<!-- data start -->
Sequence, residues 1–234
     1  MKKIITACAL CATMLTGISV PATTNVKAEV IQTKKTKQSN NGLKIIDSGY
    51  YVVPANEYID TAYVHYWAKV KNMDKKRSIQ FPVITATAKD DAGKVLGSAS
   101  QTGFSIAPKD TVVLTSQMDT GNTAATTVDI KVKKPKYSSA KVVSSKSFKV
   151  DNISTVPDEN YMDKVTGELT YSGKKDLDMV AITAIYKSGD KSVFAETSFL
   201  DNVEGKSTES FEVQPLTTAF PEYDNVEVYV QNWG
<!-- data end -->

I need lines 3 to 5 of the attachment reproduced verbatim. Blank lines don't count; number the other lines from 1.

    51  YVVPANEYID TAYVHYWAKV KNMDKKRSIQ FPVITATAKD DAGKVLGSAS
   101  QTGFSIAPKD TVVLTSQMDT GNTAATTVDI KVKKPKYSSA KVVSSKSFKV
   151  DNISTVPDEN YMDKVTGELT YSGKKDLDMV AITAIYKSGD KSVFAETSFL